External and internal quiet are not the same, don't misunderstand me. Just because he was in a wilderness doesn't mean he was internally quiet before God, yet sometimes it is the case that outward quietness can creep into our soul, it can invade our hearts. The idea of solitude is that there comes a suspension of all the distractions that surround us: distractions of the body, the mind, the soul. When those distractions are suspended, then we become more responsive to a deep work of God, to the voice of God in our hearts. You see it with David, a shepherd as well, most of the Psalms, or many of them anyway that we get, I believe we got them from his time when he was out as a shepherd. One thing you can do to position yourself to experience God in a life-changing way is to de-clutter your life. Now I'm not contradicting myself - a few moments ago I talked about God not calling lazy people, and to be about your business, and to be faithful in little things - this is not a contradiction. What I'm saying is: you've got to get on with life's responsibility, but leave always an opening for God to speak to your heart - do you understand? It's not either or, it's both and.
You see, our fear of being alone drives us to noise and crowds, doesn't it? Have you heard of 'FOMO'? Text language apparently, 'Fear Of Missing Out'. We've all got that, when we withdraw from the crowd into solitude before God, we're afraid of missing something. We are maybe afraid of our own company, or the Lord's company, I don't know. But when we look at our Lord Jesus Christ, we see that this was His pattern, He went into the desert, He went into the hill country, He went into the mountains, He went a great while before day, He spent all night in that place. After healing and preaching, the disciples were called by the Lord Jesus in Mark 6 verse 31, He said to them: 'Come away by yourselves to a lonely place'. He was teaching them that there had to come into their life, diet, their calendar experience of ministry before God, a moment where they are free from the bondage of people and ministry - solitude.
Moses learned to quieten his soul. A great old saint of God once said: 'Without solitude it is virtually impossible to live a spiritual life'. Jesus said in the Sermon on the Mount in Matthew 6:6: 'But you, when you pray, go into your room', or closet, 'and when you have shut your door, pray to your Father who is in the secret place; and your Father who sees in secret will reward you openly'. Closet, secret, open reward - that's the pattern. You see, some of us want great encounters with God, but we're not prepared to be alone with God. It's not going to work, I'm sorry. God sometimes does show up and surprise people, but that is the exception rather than the rule. If you want to position yourself into a posture where God is - and I say this reverently, but I know what I'm saying - where you're setting God up for a meeting, you need to learn to quieten your soul. You need to have a closet.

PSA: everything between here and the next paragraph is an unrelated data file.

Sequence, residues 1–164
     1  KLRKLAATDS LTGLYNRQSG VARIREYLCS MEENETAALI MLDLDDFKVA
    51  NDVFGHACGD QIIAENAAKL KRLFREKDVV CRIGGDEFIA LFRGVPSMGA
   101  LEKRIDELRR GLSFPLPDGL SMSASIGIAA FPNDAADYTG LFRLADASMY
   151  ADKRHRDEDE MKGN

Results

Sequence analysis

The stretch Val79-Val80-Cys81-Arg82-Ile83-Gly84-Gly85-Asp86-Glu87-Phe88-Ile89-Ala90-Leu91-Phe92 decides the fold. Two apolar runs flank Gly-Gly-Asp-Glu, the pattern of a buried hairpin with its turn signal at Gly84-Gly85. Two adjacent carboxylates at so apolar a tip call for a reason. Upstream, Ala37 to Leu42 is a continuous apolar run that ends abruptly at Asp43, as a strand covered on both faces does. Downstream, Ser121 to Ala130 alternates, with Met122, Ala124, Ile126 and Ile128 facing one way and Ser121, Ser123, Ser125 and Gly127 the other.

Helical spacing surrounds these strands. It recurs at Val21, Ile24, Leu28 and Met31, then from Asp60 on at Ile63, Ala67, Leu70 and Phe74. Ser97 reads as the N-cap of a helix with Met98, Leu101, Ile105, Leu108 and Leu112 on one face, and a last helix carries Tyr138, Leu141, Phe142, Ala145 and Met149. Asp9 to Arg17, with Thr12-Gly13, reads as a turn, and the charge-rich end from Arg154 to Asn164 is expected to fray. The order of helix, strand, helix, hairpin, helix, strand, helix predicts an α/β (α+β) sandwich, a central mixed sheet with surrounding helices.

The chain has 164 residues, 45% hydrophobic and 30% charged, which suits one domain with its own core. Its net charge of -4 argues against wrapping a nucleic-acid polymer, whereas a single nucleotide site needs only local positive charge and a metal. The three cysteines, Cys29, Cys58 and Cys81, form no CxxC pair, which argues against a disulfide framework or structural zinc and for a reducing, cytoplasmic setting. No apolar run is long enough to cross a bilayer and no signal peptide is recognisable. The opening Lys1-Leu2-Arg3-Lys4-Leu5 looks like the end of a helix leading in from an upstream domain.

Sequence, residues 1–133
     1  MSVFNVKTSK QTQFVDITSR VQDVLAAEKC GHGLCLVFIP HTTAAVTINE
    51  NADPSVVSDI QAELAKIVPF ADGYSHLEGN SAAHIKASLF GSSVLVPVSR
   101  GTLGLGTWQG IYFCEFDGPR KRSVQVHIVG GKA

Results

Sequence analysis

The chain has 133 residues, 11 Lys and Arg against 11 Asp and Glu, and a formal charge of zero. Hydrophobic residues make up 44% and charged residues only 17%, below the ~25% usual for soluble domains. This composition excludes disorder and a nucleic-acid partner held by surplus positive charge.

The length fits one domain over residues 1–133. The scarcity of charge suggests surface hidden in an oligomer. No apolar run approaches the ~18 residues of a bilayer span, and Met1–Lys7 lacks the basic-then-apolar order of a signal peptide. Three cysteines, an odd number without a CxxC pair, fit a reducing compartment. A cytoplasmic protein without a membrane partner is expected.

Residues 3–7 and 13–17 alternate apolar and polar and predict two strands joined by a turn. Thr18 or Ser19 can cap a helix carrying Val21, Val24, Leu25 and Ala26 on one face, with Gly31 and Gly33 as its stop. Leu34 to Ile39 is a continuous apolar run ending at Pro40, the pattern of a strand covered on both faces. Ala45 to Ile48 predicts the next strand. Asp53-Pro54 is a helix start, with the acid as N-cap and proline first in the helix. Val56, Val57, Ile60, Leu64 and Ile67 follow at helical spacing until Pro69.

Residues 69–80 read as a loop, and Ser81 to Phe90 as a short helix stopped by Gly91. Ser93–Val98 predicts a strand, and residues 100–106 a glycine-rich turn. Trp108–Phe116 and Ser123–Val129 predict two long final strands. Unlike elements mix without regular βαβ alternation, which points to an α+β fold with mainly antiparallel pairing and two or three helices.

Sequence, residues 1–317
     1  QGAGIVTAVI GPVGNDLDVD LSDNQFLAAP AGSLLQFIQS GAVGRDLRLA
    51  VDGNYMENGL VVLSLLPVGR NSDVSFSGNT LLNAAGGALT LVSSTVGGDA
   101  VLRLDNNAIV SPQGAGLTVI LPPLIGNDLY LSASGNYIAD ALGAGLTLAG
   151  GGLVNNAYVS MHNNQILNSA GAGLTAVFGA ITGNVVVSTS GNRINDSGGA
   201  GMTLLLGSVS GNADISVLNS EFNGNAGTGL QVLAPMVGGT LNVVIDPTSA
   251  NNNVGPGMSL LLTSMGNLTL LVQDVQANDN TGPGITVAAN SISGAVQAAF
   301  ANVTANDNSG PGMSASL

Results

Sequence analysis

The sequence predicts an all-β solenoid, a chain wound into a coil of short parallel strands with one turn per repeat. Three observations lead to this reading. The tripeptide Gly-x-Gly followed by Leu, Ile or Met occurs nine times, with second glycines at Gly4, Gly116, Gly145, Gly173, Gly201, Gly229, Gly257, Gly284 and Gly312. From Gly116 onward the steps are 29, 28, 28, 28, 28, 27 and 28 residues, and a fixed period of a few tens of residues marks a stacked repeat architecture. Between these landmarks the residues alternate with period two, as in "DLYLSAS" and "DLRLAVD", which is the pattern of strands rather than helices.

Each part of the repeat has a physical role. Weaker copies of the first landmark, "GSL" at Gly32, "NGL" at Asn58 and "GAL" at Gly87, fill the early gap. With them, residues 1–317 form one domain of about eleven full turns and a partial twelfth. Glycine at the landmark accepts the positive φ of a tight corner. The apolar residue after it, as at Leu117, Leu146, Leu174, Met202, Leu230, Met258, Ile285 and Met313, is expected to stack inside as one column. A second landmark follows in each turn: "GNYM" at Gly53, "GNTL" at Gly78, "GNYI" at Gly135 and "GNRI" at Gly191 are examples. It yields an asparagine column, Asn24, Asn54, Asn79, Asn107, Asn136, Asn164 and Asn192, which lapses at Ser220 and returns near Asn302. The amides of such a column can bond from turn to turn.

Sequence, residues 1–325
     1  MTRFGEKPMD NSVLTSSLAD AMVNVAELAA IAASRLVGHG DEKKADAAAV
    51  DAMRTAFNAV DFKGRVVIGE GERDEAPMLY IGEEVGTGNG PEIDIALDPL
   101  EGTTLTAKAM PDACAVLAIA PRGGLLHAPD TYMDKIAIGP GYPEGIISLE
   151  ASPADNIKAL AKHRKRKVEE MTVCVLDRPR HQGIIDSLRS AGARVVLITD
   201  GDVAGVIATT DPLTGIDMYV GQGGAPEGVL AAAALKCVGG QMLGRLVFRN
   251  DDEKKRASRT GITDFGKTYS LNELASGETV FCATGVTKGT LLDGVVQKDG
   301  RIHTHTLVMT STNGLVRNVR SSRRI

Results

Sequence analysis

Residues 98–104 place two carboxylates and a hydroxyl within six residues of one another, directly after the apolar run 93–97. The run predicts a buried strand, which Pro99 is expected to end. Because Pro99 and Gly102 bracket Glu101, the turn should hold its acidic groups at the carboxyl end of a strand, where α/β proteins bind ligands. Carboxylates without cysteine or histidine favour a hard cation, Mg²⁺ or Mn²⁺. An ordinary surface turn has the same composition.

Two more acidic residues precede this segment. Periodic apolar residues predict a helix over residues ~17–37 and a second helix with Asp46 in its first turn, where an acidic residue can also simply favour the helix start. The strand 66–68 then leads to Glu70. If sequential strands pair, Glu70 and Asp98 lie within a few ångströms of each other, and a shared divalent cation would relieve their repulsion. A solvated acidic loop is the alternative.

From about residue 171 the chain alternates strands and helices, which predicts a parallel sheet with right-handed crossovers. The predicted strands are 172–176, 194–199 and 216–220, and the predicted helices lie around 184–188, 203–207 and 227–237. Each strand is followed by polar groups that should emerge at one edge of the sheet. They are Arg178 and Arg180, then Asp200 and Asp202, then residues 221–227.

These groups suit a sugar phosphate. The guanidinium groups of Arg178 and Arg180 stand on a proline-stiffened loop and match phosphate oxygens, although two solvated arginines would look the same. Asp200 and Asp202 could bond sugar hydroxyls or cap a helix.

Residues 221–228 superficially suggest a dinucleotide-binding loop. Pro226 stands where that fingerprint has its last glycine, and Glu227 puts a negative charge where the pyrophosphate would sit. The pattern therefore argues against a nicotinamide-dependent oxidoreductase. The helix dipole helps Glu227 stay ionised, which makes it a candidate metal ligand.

The fourth thing is that he went to a place marked by God. So wilderness preceded it, he was faithful in the little things, he had learned to quieten his soul, but he went to a place marked by God. Look at verse 1: 'He came to Horeb, the mountain of God'. Now Horeb, that's Mount Sinai, same place. It's called 'the mountain of God', now I grant you that that is probably in hindsight that it is called 'the mountain of God', because Sinai would become a place of great significance where Moses would have many encounters with God, as well as the Israelites. But I just wonder, while Moses was wandering around the desert, had he already started talking to God in that place? Had it become a trysting place? Can I encourage you not to be legalistic about this, but it is good to have a time and place where you meet with God. One thing is absolutely certain: when God showed up with this Divine encounter in the burning bush, this place became holy ground - isn't that right? Didn't the Lord tell him: 'Take your shoes off your feet'? This mountain became sanctified in that Divine moment, and it's incredible to me that God's presence actually changes ground!